Tag Archives: free-preventive-benefit mandate

FIXING THE AFFORDABLE CARE ACT: PART 4—EXPAND THE DISEASE PREVENTION INCENTIVES

Is there anybody who still doesn’t know that cigarettes are bad for them? You’d have to have lived under a rock—or received a public school education—to think otherwise. How about obesity, alcohol abuse, high cholesterol, elevated blood sugar, and hypertension? All have received a huge amount of publicity for decades. So why do we still have an epidemic of preventable diseases from these avoidable risks?

Lack of information? Nope. We’ve been deluged by that for years (“This is your brain on drugs…”), and while it has indeed helped, we still have a huge number of huge people eating, drinking, smoking, and sofa-spudding themselves slowly to death.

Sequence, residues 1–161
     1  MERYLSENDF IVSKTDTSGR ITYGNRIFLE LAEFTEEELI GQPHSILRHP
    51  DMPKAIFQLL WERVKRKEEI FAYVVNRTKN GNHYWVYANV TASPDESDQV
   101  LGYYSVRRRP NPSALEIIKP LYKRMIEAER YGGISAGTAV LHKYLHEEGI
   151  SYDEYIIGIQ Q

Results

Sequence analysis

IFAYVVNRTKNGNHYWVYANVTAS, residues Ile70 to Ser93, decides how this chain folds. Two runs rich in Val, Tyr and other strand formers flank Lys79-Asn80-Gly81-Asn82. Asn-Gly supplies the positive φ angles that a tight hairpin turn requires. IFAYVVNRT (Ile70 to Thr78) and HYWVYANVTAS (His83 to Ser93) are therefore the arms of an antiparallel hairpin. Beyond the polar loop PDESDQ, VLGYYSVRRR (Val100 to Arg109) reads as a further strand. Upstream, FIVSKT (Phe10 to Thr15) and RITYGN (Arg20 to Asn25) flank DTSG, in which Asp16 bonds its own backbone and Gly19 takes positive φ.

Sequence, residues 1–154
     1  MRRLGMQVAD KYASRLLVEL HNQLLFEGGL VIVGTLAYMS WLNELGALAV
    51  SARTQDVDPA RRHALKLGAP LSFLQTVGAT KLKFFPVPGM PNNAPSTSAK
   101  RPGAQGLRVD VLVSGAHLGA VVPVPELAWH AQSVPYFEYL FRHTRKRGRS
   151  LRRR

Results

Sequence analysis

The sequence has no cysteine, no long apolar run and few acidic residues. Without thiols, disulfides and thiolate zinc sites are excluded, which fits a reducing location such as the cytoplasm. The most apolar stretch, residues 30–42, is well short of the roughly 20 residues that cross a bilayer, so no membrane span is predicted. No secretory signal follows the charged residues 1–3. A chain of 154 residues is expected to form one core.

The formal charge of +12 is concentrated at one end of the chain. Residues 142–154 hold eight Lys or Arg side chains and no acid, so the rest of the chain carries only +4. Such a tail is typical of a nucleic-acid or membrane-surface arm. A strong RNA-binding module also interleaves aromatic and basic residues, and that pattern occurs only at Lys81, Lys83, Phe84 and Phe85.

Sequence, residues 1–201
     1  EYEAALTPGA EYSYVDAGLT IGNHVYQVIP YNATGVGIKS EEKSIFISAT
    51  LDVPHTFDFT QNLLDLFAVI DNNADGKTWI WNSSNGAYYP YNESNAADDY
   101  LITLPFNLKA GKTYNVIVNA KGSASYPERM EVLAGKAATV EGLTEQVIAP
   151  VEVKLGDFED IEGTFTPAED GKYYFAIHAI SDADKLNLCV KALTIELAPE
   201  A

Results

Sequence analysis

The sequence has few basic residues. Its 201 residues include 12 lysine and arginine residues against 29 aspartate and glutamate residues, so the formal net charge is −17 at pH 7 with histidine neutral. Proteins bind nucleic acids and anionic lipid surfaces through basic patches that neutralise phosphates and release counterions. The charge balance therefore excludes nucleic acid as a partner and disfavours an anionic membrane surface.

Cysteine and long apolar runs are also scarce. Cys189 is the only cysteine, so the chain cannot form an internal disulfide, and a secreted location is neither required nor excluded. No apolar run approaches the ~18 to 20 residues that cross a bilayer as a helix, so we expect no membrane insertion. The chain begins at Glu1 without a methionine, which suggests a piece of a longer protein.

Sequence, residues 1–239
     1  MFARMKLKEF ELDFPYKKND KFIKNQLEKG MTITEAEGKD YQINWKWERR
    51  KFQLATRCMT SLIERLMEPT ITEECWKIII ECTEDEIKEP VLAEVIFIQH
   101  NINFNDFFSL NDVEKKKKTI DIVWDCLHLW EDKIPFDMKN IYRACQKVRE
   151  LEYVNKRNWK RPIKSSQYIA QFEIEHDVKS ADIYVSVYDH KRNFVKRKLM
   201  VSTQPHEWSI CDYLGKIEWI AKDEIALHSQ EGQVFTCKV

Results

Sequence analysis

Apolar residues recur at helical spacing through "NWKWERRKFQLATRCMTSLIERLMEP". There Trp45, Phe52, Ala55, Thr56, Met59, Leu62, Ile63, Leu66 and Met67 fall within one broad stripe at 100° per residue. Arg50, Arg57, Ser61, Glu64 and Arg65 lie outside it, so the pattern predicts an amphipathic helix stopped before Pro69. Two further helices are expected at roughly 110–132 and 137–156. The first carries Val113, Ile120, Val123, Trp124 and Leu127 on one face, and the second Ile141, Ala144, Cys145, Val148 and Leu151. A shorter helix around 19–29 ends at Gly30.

Lack of medical care? No, not that either. Awesomely cheap preventive medical services have been a hallmark of private health insurance since they were mandated by the HMO Act of 1973. If anything, there is a perverse parallel between the growth in prevention coverage and surge in diabetes since then.

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